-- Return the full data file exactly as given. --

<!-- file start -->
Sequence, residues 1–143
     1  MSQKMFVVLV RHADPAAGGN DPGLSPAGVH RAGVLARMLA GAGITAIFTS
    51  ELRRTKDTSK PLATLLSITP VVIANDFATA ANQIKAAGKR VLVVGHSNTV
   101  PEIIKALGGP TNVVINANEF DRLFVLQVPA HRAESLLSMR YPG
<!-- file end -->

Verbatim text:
Sequence, residues 1–143
     1  MSQKMFVVLV RHADPAAGGN DPGLSPAGVH RAGVLARMLA GAGITAIFTS
    51  ELRRTKDTSK PLATLLSITP VVIANDFATA ANQIKAAGKR VLVVGHSNTV
   101  PEIIKALGGP TNVVINANEF DRLFVLQVPA HRAESLLSMR YPG